Presumption of Innocence, Part Two

If you did not read part one of this unbelievable story, click here. You don’t want to miss it

While Ruth and Penny were gathering evidence, Virginia convinced unsuspecting individuals for fork over their hard earned money. She also went to Memphis and convinced a Cadillac dealer to hand over eleven brand new cars. After all, her billions of dollars would be in her hands by the end of the week, she said.

As a token of good faith, Virginia gave the cars to several who coughed up their cash, a bonus for trusting her and helping her out in her time of need. With brand new Caddy’s in the driveway, many of these folks sold or gave away their old cars. After all, who needs an old car when they are sporting around in brand new Cadillacs, right?

The two amateur detectives finally gathered enough evidence to go to the police. The whole story was so outlandish, at first even law enforcement did like everyone else: they presumed Virginia’s innocence. After all, Virginia was now almost seventy, was a pillar of the community and would not hurt a flea. She was the grandmother everyone dreamed about.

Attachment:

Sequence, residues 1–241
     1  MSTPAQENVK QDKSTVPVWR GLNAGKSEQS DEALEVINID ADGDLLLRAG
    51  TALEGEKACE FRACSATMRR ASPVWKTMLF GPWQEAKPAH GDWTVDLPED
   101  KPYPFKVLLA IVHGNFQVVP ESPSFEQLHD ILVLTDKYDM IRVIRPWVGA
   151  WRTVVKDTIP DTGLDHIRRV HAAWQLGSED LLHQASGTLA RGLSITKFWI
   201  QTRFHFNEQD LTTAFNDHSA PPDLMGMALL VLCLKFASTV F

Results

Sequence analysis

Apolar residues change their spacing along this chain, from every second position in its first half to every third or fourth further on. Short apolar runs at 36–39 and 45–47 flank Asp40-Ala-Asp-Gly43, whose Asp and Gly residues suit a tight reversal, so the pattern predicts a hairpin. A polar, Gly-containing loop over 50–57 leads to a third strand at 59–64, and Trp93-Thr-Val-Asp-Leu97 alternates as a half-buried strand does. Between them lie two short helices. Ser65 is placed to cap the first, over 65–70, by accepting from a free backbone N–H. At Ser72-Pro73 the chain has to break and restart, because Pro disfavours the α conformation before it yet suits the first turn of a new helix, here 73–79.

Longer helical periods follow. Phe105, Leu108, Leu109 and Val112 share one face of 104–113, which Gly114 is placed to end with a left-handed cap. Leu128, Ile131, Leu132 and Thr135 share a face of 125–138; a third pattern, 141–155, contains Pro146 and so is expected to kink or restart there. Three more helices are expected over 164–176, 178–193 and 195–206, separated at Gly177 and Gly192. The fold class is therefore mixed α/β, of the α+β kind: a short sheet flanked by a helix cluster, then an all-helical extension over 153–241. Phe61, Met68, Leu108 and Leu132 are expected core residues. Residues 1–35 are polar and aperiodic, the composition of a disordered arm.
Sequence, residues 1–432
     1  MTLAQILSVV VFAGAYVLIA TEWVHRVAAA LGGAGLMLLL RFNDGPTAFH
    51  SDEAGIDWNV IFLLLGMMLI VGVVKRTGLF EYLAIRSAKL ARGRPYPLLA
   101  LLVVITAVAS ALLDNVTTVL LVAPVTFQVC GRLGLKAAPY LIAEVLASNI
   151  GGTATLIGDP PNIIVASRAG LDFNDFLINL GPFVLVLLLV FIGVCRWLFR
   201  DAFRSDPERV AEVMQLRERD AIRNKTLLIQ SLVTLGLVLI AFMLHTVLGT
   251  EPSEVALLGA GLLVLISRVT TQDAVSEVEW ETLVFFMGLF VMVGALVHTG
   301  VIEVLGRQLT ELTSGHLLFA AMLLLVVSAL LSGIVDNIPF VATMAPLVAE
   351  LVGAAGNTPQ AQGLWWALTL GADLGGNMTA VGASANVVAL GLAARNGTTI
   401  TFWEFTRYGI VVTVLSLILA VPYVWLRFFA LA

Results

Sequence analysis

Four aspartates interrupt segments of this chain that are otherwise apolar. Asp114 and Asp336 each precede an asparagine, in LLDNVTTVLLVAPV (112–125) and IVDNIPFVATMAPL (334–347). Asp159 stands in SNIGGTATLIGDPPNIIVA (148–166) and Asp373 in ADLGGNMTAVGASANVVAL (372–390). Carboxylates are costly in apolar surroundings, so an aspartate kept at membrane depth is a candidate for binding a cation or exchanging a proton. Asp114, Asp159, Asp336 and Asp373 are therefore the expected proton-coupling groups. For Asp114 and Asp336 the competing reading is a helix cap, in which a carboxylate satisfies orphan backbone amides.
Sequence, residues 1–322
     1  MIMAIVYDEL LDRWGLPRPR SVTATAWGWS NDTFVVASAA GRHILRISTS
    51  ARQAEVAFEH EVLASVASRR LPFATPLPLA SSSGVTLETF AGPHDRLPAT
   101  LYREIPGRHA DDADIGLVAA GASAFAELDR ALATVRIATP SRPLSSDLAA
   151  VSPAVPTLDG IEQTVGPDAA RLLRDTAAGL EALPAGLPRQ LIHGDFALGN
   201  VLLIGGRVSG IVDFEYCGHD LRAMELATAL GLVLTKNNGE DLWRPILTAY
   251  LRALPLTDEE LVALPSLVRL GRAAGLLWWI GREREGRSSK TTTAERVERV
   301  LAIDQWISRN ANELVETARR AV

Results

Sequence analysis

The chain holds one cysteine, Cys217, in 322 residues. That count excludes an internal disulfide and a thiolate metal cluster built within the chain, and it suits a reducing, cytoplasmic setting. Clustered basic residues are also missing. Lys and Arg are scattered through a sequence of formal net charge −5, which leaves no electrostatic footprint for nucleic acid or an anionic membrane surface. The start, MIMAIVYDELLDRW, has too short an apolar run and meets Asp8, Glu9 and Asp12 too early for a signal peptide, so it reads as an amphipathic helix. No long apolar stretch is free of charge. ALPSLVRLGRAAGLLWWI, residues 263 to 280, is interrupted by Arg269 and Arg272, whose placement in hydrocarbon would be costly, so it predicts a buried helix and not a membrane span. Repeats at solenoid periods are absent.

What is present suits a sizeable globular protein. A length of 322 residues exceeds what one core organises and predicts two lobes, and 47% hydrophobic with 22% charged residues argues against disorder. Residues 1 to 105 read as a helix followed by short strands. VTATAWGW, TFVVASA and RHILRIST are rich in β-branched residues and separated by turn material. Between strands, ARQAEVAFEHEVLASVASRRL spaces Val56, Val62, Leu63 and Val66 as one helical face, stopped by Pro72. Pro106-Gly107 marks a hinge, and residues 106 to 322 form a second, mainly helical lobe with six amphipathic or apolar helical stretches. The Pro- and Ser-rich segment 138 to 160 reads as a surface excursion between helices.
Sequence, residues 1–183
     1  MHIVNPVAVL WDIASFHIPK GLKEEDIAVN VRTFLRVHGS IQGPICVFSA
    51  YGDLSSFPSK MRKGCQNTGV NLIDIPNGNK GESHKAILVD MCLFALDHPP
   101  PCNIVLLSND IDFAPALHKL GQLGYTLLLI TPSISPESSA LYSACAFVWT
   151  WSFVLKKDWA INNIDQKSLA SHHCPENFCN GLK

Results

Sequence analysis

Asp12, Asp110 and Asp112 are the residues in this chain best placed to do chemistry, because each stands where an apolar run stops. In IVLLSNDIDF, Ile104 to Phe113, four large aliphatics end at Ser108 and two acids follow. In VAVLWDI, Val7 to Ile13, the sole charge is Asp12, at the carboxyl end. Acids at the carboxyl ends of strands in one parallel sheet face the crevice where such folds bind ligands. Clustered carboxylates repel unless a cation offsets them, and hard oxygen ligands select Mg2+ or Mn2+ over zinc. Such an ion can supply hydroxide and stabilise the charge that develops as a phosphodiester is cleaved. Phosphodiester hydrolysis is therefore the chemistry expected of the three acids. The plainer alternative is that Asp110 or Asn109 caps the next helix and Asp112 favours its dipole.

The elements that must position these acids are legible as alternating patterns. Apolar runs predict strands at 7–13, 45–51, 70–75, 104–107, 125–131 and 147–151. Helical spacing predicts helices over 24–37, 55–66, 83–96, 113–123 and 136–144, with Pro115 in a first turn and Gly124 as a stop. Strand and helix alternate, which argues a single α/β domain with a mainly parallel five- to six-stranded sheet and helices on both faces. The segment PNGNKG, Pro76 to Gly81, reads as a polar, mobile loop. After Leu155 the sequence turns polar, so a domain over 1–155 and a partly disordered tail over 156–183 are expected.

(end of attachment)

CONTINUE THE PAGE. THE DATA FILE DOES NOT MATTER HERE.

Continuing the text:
Undeterred, Ruth and Penny went home and gathered more information. They contacted individuals who’d given money and obtained their statements. Virginia was also busy getting a team mate. She solicited the help of Pat Wilkerson, a customer service representative at a bank in Memphis. When folks would get suspicious of this so called billion-dollar estate, Wilkerson would set their minds at ease, convincing them the outlandish story was absolutely true.

Finally, after years of putting together pieces of the puzzle that strung across the nation, Volner was arrested and convicted of defrauding more than thirty people out of over 3 million dollars in Tennessee, Kentucky, Illinois, Nebraska and Florida. Decent, hard working folks had been fooled by a plain-Jane woman everyone described as Aunt Bee on the Andy Griffith show.

The last place on earth that you would expect such an elaborate scheme is Parsons, Tennessee. And anyone would presume Virginia was innocent. Her husband had to step down from his pastorate. An 80 year old man had to come out of retirement because he could not afford to live with all his money gone.

Dozens of lives were changed forever by a woman who was crafty enough to look unsuspecting people right in the eye and lie, while teaching others in Sunday school how God hates liars. She was a mastermind. A very successful crook. But thieves always get caught in the end, especially if they have Ruth and Penny, amateur detectives on their tail.

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